With all the media coverage on deer diseases lately, let’s cut through the confusion and talk facts. To date, neither chronic wasting disease (CWD) or tuberculosis have been detected in Georgia deer. However, there are circumstances when wildlife biologists rely on the public to notify them of sick animals in order to monitor disease issues.


Here are the top 5 circumstances when you should call and talk to a biologist:

  1. Dead deer in or near a stream, lake, or pond with no apparent injuries.

Buck found dead in water

Buck found dead in water with no signs of trauma. Photo credit: Georgia DNR


  1. Emaciated deer, which are so skinny that their backbone, pelvic bones, and all ribs are showing.


Emaciated deer. Photo credit: Tony Pratt Photography


  1. Deer walking in circles, have a lack of coordination, or trouble standing or walking.


An emaciated Kansas deer suffering from CWD. Photo credit: Missouri Dept. of Conservation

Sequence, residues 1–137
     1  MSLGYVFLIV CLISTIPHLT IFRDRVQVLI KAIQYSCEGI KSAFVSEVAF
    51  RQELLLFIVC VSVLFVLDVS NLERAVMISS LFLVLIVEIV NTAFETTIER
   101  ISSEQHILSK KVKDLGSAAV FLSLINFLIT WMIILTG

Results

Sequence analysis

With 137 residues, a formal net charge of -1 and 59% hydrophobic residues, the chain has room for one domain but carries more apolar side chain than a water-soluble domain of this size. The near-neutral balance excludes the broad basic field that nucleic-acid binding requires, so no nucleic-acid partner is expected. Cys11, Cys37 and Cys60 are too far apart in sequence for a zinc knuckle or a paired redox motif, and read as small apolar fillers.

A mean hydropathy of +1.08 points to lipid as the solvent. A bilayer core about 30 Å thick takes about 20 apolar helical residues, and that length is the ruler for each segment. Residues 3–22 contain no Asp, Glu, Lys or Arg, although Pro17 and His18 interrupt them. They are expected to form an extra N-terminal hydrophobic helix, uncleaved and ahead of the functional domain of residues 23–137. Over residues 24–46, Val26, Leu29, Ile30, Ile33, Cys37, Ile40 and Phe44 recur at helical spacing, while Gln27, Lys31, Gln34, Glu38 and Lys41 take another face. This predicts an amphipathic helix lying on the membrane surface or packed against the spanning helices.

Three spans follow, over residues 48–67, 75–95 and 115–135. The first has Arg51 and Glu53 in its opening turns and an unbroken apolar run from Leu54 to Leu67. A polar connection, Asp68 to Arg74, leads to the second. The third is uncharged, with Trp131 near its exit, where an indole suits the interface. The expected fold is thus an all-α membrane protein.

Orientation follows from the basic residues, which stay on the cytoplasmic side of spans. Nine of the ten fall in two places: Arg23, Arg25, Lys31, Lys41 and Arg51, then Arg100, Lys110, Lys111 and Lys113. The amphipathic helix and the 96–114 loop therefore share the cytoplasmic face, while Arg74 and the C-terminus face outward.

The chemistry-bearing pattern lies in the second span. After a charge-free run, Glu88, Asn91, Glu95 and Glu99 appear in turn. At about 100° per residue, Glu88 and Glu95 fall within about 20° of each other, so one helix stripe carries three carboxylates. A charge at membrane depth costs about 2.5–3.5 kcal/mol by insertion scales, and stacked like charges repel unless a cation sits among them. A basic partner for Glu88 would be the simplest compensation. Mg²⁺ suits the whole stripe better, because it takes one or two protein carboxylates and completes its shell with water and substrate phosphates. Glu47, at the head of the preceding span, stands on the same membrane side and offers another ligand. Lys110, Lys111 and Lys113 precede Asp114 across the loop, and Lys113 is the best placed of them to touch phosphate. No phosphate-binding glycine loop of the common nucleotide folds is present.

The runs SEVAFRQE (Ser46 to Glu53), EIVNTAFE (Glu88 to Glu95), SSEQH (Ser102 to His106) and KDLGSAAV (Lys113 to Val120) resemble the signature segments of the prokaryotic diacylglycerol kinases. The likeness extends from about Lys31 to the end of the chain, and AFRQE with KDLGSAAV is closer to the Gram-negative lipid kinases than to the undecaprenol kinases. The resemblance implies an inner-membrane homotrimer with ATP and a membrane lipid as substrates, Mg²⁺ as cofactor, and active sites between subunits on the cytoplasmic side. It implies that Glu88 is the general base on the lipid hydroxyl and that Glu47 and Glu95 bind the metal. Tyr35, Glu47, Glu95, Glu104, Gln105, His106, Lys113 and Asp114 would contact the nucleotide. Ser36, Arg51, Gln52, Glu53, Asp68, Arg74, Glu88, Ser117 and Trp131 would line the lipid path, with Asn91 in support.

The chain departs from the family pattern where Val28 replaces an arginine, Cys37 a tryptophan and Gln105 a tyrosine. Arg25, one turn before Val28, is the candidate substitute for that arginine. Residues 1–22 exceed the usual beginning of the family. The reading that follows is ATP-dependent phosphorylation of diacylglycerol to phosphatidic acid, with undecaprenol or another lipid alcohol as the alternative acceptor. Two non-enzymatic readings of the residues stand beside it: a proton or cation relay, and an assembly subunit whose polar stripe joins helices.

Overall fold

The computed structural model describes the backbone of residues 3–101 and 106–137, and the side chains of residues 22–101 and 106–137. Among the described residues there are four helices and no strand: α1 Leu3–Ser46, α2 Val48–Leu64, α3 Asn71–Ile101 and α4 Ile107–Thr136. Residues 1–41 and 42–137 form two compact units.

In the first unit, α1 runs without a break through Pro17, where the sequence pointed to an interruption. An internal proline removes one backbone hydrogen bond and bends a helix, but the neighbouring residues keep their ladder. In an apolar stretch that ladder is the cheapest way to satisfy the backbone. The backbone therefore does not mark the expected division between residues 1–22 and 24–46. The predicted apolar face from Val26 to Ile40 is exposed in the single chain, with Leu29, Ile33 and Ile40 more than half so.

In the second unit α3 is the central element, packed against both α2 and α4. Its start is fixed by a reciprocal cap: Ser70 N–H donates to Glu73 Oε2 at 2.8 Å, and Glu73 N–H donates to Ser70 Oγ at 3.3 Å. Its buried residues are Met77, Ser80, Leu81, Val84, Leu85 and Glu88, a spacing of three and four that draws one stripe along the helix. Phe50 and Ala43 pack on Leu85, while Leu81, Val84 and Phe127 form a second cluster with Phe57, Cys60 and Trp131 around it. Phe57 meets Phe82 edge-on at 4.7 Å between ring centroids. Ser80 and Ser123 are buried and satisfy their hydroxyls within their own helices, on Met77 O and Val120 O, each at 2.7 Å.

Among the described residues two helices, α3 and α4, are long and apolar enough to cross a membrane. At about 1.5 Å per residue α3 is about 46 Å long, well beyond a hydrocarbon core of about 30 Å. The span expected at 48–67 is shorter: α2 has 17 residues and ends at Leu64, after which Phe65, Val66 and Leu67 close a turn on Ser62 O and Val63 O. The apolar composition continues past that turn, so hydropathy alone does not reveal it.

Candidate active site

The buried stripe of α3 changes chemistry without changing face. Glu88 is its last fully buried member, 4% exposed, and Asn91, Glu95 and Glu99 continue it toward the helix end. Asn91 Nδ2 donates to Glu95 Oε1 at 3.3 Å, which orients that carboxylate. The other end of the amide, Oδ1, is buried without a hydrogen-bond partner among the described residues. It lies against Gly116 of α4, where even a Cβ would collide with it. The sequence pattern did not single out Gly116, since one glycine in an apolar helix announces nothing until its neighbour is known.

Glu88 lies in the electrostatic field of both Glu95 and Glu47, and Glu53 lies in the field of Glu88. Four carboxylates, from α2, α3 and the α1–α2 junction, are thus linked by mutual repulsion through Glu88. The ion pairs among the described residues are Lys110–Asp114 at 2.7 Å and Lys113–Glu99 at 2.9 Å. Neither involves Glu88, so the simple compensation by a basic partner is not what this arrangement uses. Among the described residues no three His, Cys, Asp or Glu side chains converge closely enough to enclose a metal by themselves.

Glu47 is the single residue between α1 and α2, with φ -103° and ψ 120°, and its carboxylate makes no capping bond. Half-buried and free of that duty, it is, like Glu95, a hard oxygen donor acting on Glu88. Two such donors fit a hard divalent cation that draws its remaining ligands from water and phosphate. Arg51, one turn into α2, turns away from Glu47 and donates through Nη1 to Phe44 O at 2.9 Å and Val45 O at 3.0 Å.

1. Deer with no apparent injuries with drooping ears, abnormal posture, or drooling heavily.


  1. Deer that are excessively coughing, sneezing, or have yellow bumps on the lungs and inside rib cage.

Pustules in chest cavity of deer

Lesions lining the rib cage of a white-tailed deer with tuberculosis. Photo credit: Michigan Department of Natural Resources


How is Georgia monitoring diseases that haven’t been detected in the state?

As early as 2001, Georgia DNR began making Chronic Wasting Disease response plans and began proactive annual testing of harvested deer in 2002. If CWD were to be found in Georgia, the Wildlife Resources Division would immediately implement its response plan, including the following steps in cooperation with local land owners and hunters:

  • Notify the public and all stakeholders in the infected area and surrounding counties.
  • Begin enhanced surveillance in the infected area and surrounding counties.
  • Collect deer to determine the extent and prevalence of the disease.
  • Provide an avenue for local hunters and landowners to have deer tested for CWD.


If you observe or harvest a deer that exhibits CWD symptoms, please call your regional DNR office or your local Game Warden.


More info on chronic wasting disease: CWD: Two States “Away” But Not Yet in Georgia